Lawmakers who have been pushing for more details about the Biden administration's plans for SIV applicants praised Monday's announcement.

"For two decades, thousands of Afghans have put their own lives and safety in danger in order to work with U.S. and allied personnel to fight Al Qaeda, the Haqqani Network, ISIS and other terrorist groups,"Senate Intelligence Committee Chairman Mark WarnerMark Robert WarnerHillicon Valley: Democrats introduce bill to hold platforms accountable for misinformation during health crises | Website outages hit Olympics, Amazon and major banks Senators introduce bipartisan bill to secure critical groups against hackers Hillicon Valley: Senators introduce bill to require some cyber incident reporting | UK citizen arrested in connection to 2020 Twitter hack | Officials warn of cyber vulnerabilities in water systems MORE (D-Va.) said in a statement. "Their efforts contributed to the decimation of Al Qaeda and its ability to attack the U.S. homeland. I applaud the president and his administration for acting to help bring these individuals to safety, and encourage further swift action to help the thousands of other Afghans and their family members who remain at risk because of their support for the U.S. mission in Afghanistan.”

Still, other lawmakers continued to press for more details on plans for the thousands of other Afghans awaiting visas.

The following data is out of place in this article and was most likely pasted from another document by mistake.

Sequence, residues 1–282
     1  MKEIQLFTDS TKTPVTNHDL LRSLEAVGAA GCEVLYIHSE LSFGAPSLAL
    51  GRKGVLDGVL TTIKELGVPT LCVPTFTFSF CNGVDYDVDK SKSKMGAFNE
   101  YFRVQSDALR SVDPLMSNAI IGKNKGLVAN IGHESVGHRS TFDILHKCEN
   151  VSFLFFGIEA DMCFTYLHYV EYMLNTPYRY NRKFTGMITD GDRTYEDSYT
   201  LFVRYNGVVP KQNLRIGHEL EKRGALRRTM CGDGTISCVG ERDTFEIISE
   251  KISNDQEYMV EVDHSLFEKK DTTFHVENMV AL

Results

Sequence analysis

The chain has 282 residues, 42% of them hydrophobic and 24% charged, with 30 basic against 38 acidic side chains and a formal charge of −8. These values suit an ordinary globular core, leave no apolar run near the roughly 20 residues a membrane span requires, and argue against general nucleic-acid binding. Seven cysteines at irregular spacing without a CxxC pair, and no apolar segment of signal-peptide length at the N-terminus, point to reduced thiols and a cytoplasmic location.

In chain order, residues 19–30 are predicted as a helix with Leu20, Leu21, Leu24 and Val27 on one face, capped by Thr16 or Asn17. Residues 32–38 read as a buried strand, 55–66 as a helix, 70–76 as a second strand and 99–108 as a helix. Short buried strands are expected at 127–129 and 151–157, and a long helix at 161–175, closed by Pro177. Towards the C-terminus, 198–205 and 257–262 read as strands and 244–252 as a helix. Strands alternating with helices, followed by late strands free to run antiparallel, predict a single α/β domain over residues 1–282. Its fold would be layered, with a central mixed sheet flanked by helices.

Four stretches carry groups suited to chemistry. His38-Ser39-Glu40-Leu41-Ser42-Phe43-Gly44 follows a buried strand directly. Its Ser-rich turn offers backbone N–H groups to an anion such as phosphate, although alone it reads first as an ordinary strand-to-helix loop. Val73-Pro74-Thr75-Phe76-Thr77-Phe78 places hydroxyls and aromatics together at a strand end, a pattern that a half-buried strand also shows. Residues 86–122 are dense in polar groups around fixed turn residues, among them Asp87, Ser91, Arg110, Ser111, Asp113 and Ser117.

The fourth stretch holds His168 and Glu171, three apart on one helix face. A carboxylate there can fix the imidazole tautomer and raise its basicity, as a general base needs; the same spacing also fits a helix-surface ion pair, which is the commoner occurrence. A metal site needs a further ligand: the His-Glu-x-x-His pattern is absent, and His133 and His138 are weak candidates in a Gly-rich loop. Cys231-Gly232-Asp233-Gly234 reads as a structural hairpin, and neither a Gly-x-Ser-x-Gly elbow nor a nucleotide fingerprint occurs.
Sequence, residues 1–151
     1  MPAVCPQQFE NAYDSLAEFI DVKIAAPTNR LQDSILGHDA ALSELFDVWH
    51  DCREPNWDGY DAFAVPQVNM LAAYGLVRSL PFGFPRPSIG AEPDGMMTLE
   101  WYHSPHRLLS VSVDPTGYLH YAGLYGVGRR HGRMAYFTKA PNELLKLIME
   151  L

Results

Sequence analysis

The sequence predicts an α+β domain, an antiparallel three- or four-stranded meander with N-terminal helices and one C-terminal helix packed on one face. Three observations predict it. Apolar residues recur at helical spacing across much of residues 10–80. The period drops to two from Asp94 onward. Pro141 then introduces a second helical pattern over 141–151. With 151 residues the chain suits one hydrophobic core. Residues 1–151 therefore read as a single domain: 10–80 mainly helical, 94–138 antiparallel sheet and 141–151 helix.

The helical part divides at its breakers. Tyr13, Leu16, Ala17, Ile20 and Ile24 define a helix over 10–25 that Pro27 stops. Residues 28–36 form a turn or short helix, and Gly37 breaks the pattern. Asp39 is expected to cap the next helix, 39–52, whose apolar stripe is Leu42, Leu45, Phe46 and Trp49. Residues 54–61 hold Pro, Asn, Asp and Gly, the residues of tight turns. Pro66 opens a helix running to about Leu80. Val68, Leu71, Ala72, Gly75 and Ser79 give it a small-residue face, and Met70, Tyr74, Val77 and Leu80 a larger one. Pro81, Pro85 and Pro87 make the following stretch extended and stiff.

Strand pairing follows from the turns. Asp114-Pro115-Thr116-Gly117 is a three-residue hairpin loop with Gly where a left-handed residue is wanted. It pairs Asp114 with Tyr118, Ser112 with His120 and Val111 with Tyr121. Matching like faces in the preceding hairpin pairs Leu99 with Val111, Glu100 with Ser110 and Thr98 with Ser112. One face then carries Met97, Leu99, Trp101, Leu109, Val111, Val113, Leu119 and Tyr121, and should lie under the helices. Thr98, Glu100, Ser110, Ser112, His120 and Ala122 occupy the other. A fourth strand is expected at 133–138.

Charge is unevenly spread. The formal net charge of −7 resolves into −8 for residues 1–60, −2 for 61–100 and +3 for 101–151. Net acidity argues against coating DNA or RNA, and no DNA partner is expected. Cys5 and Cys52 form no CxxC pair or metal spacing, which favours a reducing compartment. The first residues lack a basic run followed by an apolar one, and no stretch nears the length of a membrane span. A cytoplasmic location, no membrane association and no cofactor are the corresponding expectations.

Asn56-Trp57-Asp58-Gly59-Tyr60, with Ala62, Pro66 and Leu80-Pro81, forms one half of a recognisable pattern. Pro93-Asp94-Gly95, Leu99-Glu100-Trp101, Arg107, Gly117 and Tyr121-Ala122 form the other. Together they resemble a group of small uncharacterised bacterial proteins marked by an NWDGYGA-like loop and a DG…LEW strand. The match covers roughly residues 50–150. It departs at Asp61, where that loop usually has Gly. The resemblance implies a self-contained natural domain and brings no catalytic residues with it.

"While this announcement is a positive step towards getting some SIV applicants to safety, the lack of a plan for the remaining SIV applicants still waiting to complete the vetting process is deeply concerning," Rep. Michael McCaulMichael Thomas McCaulAfghan evacuees to be housed at Virginia base Passport backlog threatens to upend travel plans for millions of Americans US lawmakers express shock at Haitian president's assassination MORE (R-Texas), the ranking member of the House Foreign Affairs Committee, said in a statement. "President Biden needs to answer for what will happen to the remaining applicants if agreements are not secured with third countries by the end of the U.S. military mission on August 31 – instead he so far seems content to say he did what he could for these 2,500 people while thousands more may be left behind.” 

Laura Kelly contributed to this report, which was updated at 5:29 p.m.